GRAMMY winner Dom Flemons (right) and Don Allan Mitchell, co-chair of the International Conference on the Blues, during one of the conference sessions on Monday. Flemons is the “American Songster,” pulling from traditions of old-time folk music to create new sounds. Having performed music professionally since 2005, he has played live for over one million people within the past three years. As part of the Carolina Chocolate Drops, which he co-founded with Rhiannon Giddens and Justin Robinson, he has played at a variety of festivals, spanning from the Newport Folk Festival to Bonnaroo, in addition to renowned venues such as the Grand Ole Opry. The International Conference on the Blues continues Tuesday. For more information, visit www.deltastate.edu/blues. Photos by Rory Doyle.

GRAMMY winner Dom Flemons (right) and Don Allan Mitchell, co-chair of the International Conference on the Blues, during one of the conference sessions on Monday. Flemons is the “American Songster,” pulling from traditions of old-time folk music to create new sounds. Having performed music professionally since 2005, he has played live for over one million people within the past three years. As part of the Carolina Chocolate Drops, which he co-founded with Rhiannon Giddens and Justin Robinson, he has played at a variety of festivals, spanning from the Newport Folk Festival to Bonnaroo, in addition to renowned venues such as the Grand Ole Opry. The International Conference on the Blues continues Tuesday. For more information, visit www.deltastate.edu/blues. Photos by Rory Doyle.

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Bobby Rush and Super Chikan launch “Storytellers” tour at Delta State

GRAMMY Award nominee Bobby Rush (left) and James “Super Chikan” Johnson will be featured in a free concert at the Bologna Performing Arts Center on Oct. 6 at 7 p.m.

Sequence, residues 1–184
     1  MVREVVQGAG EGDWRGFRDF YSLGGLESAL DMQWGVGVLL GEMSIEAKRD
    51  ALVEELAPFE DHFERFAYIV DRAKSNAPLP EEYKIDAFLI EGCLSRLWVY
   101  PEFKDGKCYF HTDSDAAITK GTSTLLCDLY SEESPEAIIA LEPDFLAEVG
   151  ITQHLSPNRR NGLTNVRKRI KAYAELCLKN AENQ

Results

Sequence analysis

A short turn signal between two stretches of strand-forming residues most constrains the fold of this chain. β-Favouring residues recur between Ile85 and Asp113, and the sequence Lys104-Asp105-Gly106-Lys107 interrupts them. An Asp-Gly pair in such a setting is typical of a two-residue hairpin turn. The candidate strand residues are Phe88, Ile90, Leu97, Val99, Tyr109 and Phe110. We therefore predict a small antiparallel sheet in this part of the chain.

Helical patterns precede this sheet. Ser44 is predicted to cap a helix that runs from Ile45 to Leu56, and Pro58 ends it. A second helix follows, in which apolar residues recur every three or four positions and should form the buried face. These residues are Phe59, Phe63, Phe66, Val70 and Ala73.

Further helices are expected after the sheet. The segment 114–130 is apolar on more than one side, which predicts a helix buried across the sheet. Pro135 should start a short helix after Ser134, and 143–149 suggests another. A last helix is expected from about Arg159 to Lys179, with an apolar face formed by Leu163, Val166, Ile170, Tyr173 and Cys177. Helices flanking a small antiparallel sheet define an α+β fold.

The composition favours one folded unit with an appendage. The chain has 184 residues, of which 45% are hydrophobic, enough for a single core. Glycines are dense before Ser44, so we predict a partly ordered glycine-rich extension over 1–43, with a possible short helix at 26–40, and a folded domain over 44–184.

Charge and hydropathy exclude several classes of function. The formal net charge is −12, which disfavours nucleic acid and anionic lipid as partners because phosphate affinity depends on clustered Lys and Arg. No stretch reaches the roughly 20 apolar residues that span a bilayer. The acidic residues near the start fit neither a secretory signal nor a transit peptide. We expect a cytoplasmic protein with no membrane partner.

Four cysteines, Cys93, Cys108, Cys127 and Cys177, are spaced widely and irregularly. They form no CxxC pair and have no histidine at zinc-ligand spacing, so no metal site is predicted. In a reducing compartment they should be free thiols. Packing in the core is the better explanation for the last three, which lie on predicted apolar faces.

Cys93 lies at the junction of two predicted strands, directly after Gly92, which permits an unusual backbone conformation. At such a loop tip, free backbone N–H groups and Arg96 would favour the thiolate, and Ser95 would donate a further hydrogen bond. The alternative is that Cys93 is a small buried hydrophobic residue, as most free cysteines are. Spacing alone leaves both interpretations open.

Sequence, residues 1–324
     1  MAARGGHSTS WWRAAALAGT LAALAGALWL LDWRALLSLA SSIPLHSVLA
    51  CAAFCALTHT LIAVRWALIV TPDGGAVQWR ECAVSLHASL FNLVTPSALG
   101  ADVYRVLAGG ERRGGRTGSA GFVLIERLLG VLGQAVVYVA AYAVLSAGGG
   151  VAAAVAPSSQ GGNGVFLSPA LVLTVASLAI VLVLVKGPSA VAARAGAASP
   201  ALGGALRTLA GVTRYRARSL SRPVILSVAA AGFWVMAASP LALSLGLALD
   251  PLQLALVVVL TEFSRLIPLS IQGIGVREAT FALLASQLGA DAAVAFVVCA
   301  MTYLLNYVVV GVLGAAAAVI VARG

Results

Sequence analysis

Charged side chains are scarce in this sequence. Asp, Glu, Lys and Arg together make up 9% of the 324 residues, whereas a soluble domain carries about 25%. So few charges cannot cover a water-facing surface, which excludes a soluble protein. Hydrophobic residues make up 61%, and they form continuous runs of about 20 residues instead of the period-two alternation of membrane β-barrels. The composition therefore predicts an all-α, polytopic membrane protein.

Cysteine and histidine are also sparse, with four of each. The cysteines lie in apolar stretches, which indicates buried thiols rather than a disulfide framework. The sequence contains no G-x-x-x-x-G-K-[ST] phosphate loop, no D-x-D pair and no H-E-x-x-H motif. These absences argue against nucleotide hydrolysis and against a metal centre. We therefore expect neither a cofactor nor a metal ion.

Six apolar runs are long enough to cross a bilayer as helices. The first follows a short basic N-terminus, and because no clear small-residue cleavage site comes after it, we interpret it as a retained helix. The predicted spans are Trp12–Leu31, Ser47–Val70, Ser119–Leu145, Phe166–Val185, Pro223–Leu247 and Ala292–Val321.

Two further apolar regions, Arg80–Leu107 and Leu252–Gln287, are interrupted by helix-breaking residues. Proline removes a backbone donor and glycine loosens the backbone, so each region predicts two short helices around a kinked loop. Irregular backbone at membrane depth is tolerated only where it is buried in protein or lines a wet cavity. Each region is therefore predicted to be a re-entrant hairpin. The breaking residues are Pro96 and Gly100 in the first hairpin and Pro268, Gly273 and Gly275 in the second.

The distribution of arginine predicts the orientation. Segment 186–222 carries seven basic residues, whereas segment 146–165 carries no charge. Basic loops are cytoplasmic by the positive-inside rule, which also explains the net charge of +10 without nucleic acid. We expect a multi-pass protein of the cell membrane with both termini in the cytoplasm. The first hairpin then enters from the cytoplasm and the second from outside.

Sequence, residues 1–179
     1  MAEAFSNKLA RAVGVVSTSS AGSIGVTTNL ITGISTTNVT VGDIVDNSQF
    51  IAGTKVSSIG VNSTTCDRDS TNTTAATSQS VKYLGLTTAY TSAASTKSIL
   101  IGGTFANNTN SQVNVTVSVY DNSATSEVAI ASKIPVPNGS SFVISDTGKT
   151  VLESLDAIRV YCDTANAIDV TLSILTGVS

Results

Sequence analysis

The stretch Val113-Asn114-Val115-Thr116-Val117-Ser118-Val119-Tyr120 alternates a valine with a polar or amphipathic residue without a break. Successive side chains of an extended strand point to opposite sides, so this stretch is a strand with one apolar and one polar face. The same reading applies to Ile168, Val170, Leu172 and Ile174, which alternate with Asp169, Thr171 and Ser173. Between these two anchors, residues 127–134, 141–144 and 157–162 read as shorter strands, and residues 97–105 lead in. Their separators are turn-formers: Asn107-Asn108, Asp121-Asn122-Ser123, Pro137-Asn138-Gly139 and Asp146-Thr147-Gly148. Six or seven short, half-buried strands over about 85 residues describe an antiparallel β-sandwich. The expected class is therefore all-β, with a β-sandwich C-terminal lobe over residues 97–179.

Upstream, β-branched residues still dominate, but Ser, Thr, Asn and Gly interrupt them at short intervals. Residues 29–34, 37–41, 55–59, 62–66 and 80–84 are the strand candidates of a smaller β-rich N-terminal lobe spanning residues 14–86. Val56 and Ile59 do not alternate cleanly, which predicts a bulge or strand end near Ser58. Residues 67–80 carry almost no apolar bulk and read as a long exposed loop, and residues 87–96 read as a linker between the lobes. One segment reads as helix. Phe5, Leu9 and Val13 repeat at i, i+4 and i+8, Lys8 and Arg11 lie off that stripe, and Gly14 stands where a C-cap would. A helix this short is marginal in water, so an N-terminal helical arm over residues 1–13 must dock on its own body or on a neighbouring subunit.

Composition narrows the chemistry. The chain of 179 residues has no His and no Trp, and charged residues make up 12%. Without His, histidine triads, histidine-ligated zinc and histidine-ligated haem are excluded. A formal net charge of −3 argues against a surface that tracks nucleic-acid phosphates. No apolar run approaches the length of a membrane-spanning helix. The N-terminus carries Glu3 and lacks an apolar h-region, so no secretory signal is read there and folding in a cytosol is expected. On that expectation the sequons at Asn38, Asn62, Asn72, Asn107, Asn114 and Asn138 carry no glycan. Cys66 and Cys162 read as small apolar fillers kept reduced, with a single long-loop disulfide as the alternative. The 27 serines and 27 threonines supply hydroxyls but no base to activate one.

GRAMMY Award nominee Bobby Rush (left) and James “Super Chikan” Johnson will be featured in a free concert at the Bologna Performing Arts Center on Oct. 6 at 7 p.m.

Blues legends Bobby Rush and James “Super Chikan” Johnson have teamed up to perform a free concert at Delta State University’s Bologna Performing Arts Center on Oct.6. Doors will open at 6:30 p.m, and the concert will begin at 7 p.m.

The event, “The Storytellers featuring Bobby Rush and Super Chikan: Up Close and Personal,” will be the closing activity for Delta State’s second annual International Conference on the Blues, which is part of the institution’s International Delta Blues Project.

The concert is free and open to the public through sponsorship from the IDBP and the BPAC.

“We are always pleased to present free programming for our community,” said Laura Howell, executive director of the BPAC. “This partnership with the International Delta Blues Project provides a great opportunity for access to these incredible blues musicians and the stories they have to tell.”

“Storytellers” is a stripped-down concert format that invites music lovers of all ages and backgrounds to experience two renowned blues artists singing and telling stories about their lives, careers, the blues and the Mississippi Delta in distinctly personal ways.